I just saw “Iron Man 3” (not really that good of a movie). In the film, a shadowy bin Laden type terrorist has been attacking the United States for some time. Additionally, there has been a series of bombings or other explosions that have occurred across the country.
And then there’s the whole alien invasion and destruction of New York City. It is worth noting that, in this universe, New York City has been the site of widespread destruction at least twice in a five year span (the first time by the Hulk and the Abomination). Plus, a town in New Mexico was wrecked by The Destroyer. And then there is the destruction of the Helicarrier, an extremely advanced flying fortress owned by the United States military (via SHIELD). Not to mention the destruction of an underground government facility.
And there are the two boondoggle programs that result in failure - Project Pegasus and the Super Soldier program.
To begin, let’s use the Boston Bombings as a yardstick. CNBC reported that the Boston Bombings cost as much as $333 million. Now, those were amateurish bombs which resulted in three deaths and several hundred injured.
In Iron Man 3, there had been a series of bombings (or explosions), each one resulting in the death of about 6 people (an implausibly low number) with no information as to injured. Given the landmark status of Graumann’s Chinese Theatre, obviously an explosion there would have killed or maimed on the same scale as the Boston Bombing, meaning that the cost would be at least $333 million. Add this to the Tennessee event that killed six in the film. So, at least $500 million and possibly as high as $750 million once the costs of repairs to the landmark are factored in.
But that’s not the only destruction. There is the destruction of a large portion of an oil platform and ensuing environmental damage, the destruction of Air Force One (a $400m jet), as well as the repeated compromising of what appears to be a woefully insecure intelligence infrastructure. The Deepwater Horizon disaster resulted in approximately $14b in cleanup costs (as reported by the Congressional Reporting Service) as of January 2013.
Of course, this is just a summary of damage from Iron Man 3. Iron Man and Iron Man 2 saw numerous battles near the public and in public places. In the ensuing carnage and panic, obviously scores of people are killed and hundreds injured, crippled, maimed, or disfigured. Plus there’s the property damage.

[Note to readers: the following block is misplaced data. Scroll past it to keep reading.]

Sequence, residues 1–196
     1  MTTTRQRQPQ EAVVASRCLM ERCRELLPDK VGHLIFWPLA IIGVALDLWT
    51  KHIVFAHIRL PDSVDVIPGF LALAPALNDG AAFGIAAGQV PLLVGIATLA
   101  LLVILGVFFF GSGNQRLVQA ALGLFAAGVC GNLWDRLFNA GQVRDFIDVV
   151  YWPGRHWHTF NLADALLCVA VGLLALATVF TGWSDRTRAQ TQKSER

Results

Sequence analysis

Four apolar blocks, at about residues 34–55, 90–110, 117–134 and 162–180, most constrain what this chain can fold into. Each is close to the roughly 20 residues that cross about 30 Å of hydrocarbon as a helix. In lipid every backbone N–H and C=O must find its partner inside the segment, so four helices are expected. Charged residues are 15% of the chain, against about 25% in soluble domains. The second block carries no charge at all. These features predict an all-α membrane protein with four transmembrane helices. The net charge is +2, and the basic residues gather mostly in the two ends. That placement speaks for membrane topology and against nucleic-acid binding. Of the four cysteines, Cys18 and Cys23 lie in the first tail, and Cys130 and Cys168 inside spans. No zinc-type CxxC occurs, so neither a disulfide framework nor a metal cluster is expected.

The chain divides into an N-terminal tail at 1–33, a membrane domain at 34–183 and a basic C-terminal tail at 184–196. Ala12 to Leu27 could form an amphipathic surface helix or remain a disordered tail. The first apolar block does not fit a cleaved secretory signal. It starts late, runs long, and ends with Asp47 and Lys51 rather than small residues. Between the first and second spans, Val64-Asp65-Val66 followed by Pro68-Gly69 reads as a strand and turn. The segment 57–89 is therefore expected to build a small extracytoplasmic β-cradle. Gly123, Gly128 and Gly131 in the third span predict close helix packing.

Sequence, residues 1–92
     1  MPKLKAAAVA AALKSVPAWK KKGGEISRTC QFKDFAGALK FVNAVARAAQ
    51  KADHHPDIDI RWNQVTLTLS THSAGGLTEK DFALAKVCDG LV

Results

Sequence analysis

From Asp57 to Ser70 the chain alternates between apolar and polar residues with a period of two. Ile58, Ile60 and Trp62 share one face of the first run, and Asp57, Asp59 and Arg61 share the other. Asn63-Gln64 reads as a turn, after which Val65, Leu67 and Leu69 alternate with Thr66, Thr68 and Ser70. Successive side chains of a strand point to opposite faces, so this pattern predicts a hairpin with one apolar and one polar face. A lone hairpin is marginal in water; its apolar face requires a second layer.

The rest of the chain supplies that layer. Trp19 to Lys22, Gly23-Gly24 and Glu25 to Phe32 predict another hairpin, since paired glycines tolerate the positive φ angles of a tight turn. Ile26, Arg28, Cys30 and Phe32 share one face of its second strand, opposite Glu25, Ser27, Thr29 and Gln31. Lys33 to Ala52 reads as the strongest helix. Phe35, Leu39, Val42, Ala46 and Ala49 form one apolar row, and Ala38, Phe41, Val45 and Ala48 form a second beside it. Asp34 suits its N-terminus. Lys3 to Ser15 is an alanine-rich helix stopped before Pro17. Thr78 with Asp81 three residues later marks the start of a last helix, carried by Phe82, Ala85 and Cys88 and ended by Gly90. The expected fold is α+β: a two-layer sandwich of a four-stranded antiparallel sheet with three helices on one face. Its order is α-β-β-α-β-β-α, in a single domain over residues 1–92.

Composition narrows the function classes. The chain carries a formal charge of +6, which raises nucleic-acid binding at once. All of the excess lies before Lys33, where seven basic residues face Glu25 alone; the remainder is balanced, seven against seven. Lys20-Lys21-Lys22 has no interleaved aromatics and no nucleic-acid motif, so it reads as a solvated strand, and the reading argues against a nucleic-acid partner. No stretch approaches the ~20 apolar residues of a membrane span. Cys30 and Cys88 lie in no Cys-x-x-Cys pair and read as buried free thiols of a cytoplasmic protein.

To fully appreciate how much taxpayer money goes to repairing the devastation caused by superheroes, let’s instead use 9/11 as a yardstick. The New York Times pegged the price tag for 9/11 at approximately $3.3 trillion. Other estimates vary between $2 trillion and $5 trillion. $55b includes funding to treat victims and first responders who were exposed to dust and other toxic fumes; $8b for the WTC buildings alone; $6b for other property damage (office equipment, cars, etc.); $5b of damage to non-WTC buildings; $6b for damage to mass transit; $5b for injury; $1b for cleanup; and $24b for compensation for loss of human life. And that is just one event.
Look at The Avengers, which saw the wholesale devastation of entire zip codes. A giant flying alien monster crushed numerous high-occupancy buildings (and presumably killing the occupants). The Hulk smashed through several occupied office buildings (causing numerous casualties and wanton devastation of property). At least 25% of the buildings surrounding Grand Central Station saw some damage from crossfire or Chitauri flyers being crashed into them.
Additionally, there is the problem of uncontrolled fires burning down swathes of the city (no city’s infrastructure is capable of putting out dozens of fires in varying locations all at one time) and pension payouts to dead or crippled first responders. Given the scale of the Chitauri battle, $3.3 trillion is undoubtedly too low of a figure.
There are also immeasurable costs to the economy. Prior to the events of The Avengers, Harlem had already been devastated by a battle between the Hulk and the Abomination. Meaning that insurance costs to cover damages in New York City would already be sky-high, causing a drag on the economy. Additionally, the city, state, and federal governments would be paying out money to rebuild and to compensate survivors of the incident. Given the population density of Harlem, coupled with the fact that the Abomination attack happened on a pleasant night when people were out enjoying themselves, there were undoubtedly dozens of deaths caused by Hellfire missiles being rained down from above, not to mention cars being thrown.
Of course, that is just the damage from the Abomination attack. Prior to that, there had been military operations on American soil on a college. This sort of thing does not go unnoticed and would undoubtedly result in a rather expensive inquiry. Additionally, there is the cost to replace the destroyed military equipment - including a pair of highly advanced sonic cannons.
I can suspend my disbelief to cover flying armored suits and Incredible Hulks. I cannot and will not suspend my disbelief to cover a universe where trillions of dollars every year must go to rebuilding devastation wreaked by superheroes and their nemeses.
Also, Iron Man should have ended with the United States exercising eminent domain over the suit.